The master Bankei’s talks were attended not only by Zen students but by persons of all ranks and sects. He never quoted sutras nor indulged in scholastic dissertations. Instead, his words were spoken directly from his heart to the hearts of his listeners.
His large audiences angered a priest of the Nichiren sect because the adherents had left to hear about Zen. The self-centered Nichiren priest came to the temple, determined to debate with Bankei.
“Hey, Zen teacher!” he called out. “Wait a minute. Whoever respects you will obey what you say, but a man like myself does not respect you. Can you make me obey you?”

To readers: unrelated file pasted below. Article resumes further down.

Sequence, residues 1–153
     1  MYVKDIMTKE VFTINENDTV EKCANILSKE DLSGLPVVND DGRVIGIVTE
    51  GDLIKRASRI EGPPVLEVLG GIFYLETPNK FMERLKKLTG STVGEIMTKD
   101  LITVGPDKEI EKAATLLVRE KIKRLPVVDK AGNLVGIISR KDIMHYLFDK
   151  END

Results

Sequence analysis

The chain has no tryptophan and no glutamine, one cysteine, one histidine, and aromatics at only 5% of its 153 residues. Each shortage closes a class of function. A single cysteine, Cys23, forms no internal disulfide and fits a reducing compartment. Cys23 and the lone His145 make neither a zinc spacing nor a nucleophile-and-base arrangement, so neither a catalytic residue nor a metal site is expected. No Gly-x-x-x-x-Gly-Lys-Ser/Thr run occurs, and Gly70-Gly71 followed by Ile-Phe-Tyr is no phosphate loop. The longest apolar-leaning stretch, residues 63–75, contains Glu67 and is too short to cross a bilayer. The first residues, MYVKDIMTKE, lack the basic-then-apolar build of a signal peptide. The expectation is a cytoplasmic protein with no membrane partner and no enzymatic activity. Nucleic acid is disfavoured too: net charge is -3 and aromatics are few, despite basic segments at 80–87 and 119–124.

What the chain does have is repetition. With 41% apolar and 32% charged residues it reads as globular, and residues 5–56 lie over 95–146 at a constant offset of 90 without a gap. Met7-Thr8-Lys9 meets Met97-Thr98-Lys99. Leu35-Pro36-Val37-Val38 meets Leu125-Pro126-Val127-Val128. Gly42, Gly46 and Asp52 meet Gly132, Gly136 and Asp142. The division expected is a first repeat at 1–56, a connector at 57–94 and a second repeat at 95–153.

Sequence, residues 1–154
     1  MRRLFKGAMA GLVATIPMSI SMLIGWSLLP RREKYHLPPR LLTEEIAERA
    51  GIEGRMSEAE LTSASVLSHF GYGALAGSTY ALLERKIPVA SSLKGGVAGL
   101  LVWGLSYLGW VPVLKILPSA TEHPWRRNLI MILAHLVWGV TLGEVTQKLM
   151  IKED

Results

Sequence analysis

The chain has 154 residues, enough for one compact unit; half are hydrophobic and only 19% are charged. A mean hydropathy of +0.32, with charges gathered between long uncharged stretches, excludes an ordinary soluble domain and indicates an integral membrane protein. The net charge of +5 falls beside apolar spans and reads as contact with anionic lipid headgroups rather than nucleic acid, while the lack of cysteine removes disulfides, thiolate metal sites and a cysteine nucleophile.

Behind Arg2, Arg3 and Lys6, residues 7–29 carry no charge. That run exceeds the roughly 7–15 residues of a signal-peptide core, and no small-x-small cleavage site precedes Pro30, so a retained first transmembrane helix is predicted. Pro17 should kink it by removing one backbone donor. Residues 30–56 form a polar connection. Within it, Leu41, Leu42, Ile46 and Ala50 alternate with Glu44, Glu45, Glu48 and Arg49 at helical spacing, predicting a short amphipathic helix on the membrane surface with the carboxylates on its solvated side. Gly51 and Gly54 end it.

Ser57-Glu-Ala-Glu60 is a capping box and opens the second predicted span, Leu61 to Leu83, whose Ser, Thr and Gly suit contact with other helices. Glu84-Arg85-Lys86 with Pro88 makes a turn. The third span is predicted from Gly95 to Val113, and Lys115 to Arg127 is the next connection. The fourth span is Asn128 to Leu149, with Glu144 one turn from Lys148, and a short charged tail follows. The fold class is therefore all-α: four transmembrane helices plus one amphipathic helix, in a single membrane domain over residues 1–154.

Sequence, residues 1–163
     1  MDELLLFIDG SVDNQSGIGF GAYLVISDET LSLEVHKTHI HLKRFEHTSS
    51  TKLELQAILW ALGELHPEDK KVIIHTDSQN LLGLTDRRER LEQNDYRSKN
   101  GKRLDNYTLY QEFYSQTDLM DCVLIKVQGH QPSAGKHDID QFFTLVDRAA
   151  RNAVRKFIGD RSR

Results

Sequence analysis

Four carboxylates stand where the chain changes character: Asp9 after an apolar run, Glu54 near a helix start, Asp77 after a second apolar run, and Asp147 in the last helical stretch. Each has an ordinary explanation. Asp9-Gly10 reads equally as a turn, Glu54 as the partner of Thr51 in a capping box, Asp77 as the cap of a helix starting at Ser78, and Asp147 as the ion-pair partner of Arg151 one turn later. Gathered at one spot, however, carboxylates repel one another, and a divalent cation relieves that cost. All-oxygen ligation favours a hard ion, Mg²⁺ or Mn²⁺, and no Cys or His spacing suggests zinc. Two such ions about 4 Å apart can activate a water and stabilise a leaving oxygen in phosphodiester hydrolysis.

“Come up beside me and I will show you,” said Bankei.
Proudly the priest pushed his way through the crowd to the teacher.
Bankei smiled. “Come over to my left side.”
The priest obeyed.
“No,” said Bankei, “we may talk better if you are on the right side. Step over here.”
The priest proudly stepped over to the right
“You see,” observed Bankei, “you are obeying me and I think you are a very gentle person. Now sit down and listen.”
This story can be found in a book entitled Zen Flesh, Zen Bones, a translation of a 13th century work entitled Collection of Stone and Sand.
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